The most inexplicable rule change in years - maybe ever - has become a major controversy. NASCAR is allowing teams to secure tires with three to four lugnuts, not all five. It has become controversial because several drivers have spoken against the change - the most public is Tony Stewart, and his comments have gotten him a $35,000 fine by NASCAR, which the NASCAR Drivers Council has stated it will pay.
That NASCAR even implemented this rule is baffling, with wanting to "spice up" pitstops somehow being considered a worthwhile competitive goal. That it is self-evident nonsense - missing even one lugnut inevitably weakens the wheel and leads to trouble - that NASCAR decision-makers somehow didn't want to see is even more disturbing, for it indicates even less grasp of the inner workings of the sport in the sanctioning body's leadership than even pessimists thought.
Stewart has been controversial almost from his rookie season, and his on- and off-track deportment has often been malicious (the use of bodyguards in his Chili Bowl confrontation with a heckler curiously has gone unnoticed - it's the kind of thing classic thugs have) - and we of course know it became lethal in 2014. None of that matters here - NASCAR fining Stewart is wrong not least for the fact that such fines inherently inhibit honest discussion.
Kurt Busch has pushed for NASCAR to convert to one central lugnut as other racing series use - the problem is it's totally unnecessary - just tighten all five lugnuts.
Racing writer Randy Hallman compares Stewart's outspokenness to Dale Earnhardt Sr., saying he was "a driver not hesitant to say what he believed needed to be said." It's a spotty analogy given what Earnhardt said often had a self-serving quality or wasn't terribly insightful - for one, Earnhardt's famous "Bill France must be rolling over in his grave" comment about the lack of passing in the 2000 Daytona 500 was ultimately little better than a Captain Obvious moment. I don't particularly remember one policy battle with NASCAR Earnhardt ever was right about.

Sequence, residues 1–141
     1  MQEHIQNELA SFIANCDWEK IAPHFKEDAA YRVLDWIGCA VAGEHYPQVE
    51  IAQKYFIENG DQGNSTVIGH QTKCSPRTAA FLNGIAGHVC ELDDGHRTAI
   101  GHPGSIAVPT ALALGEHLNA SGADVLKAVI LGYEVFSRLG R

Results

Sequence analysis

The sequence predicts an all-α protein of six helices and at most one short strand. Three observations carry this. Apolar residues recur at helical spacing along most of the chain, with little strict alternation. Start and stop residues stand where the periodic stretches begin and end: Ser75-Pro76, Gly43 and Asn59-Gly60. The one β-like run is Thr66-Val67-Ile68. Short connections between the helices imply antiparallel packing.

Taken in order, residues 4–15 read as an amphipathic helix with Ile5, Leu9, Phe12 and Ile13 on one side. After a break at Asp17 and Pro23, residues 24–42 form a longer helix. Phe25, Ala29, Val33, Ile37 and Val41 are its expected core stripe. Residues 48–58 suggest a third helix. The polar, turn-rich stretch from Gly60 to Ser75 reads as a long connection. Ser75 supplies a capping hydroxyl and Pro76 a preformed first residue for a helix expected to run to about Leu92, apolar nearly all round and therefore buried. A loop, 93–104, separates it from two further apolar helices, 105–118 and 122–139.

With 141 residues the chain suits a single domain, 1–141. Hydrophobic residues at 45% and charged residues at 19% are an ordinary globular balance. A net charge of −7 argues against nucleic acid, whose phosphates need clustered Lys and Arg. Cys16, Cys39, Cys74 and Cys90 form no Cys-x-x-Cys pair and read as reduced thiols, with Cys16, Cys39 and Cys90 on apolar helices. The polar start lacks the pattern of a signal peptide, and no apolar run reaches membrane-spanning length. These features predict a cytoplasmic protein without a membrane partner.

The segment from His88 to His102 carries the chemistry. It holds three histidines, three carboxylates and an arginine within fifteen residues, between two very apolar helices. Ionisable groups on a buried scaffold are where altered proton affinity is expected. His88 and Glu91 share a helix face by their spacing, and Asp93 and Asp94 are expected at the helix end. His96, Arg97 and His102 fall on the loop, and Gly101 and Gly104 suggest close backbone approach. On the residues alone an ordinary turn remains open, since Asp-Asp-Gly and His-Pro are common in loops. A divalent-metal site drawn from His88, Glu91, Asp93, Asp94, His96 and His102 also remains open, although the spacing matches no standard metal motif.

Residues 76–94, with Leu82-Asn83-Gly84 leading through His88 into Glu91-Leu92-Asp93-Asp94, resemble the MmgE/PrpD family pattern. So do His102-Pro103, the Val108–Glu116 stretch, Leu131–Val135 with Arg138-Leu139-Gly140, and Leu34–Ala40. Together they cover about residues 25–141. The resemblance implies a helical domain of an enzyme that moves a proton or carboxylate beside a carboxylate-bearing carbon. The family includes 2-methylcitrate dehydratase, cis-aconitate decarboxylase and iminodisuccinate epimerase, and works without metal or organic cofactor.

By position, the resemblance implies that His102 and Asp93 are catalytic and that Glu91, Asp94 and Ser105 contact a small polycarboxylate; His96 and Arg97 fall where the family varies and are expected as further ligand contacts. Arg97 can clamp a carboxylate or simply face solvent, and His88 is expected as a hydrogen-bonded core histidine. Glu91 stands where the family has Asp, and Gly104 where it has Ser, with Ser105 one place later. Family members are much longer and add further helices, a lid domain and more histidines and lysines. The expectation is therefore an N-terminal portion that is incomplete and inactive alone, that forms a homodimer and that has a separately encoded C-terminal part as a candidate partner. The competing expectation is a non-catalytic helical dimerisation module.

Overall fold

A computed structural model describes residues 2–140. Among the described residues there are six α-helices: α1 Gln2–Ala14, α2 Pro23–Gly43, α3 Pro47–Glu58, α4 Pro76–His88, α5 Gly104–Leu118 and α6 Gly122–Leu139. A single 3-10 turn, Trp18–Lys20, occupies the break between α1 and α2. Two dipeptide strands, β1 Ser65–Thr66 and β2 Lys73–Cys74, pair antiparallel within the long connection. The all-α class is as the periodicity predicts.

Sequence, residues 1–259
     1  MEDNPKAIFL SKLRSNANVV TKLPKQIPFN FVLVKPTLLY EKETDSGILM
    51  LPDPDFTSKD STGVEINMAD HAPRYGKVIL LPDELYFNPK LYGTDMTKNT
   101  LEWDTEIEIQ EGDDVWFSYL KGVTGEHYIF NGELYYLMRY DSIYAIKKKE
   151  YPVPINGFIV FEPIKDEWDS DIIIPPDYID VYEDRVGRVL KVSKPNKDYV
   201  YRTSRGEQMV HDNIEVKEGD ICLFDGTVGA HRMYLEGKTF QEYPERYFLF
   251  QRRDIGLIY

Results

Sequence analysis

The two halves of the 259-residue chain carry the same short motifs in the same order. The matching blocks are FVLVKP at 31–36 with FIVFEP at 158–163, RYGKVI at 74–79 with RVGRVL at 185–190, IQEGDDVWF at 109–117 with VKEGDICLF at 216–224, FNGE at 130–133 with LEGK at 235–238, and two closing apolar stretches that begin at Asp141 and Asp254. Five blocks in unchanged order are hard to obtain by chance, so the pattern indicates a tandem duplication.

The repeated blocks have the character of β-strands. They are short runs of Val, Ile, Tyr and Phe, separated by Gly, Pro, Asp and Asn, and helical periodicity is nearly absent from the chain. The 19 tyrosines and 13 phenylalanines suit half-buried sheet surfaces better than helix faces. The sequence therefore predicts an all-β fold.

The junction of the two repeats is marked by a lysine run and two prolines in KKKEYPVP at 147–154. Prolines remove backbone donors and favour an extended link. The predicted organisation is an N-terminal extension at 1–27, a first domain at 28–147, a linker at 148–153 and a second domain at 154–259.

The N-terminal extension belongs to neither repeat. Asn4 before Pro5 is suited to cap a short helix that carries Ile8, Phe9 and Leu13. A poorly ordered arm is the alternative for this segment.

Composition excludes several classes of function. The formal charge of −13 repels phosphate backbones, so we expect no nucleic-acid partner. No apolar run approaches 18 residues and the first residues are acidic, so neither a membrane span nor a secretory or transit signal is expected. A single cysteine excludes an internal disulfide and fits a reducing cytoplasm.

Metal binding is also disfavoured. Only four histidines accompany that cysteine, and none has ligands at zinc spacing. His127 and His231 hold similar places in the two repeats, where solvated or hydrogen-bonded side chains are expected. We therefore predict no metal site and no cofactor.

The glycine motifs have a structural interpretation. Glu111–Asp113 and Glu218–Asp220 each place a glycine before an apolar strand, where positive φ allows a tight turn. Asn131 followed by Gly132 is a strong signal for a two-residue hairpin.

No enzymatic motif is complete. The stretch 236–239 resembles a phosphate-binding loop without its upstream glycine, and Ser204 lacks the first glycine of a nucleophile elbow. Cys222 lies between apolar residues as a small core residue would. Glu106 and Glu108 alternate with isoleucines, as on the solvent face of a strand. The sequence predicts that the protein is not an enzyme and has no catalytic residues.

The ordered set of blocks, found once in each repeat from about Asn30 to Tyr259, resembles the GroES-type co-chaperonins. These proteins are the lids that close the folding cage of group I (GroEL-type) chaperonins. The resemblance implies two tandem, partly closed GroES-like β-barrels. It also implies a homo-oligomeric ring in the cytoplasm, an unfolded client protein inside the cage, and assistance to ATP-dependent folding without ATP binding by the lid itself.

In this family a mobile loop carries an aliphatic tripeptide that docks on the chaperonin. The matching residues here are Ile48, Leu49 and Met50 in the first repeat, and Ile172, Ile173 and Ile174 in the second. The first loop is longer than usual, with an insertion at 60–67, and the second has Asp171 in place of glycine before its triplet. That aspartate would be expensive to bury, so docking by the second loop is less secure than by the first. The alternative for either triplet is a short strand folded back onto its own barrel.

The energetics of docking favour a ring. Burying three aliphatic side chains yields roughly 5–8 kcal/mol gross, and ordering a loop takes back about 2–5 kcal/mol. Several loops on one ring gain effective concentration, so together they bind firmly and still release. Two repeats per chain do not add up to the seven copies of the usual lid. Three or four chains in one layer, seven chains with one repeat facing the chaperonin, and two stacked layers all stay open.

Moreover Hallman's premise that drivers since Earnhardt's death have lacked outspokenness is wrong - drivers speaking out became more, rather than less, prevalent in 2001 and after; even rumors of drivers acting on "what (they) believed needed to be said" in 2001 got media attention, best shown by the infamous Stock Car Reporters website and its sham Talladega-boycott story authored before the April 2001 500-miler there.
What's struck me about the last fifteen years is not lack of driver outspokenness but a mild prevalence of it, more of such than people seem to think. This is why NASCAR has the low downforce package despite the universal evidence of history from 1998 onward that the concept does not work - and isn't this year, either.
Stewart's outspokenness needs to be taken on an individual basis - what is the issue, what is he saying, does what he's saying jibe with what's really going on? It's the same with everyone else. NASCAR indeed is wrong to fine him here - and they need a better explanation than Scott Miller's mealy-mouthed assertion that NASCAR will reevaluate the lugnut rule.
Sports always need honest discussion - and it's a two-way street, applying to the Drivers Council as well as NASCAR.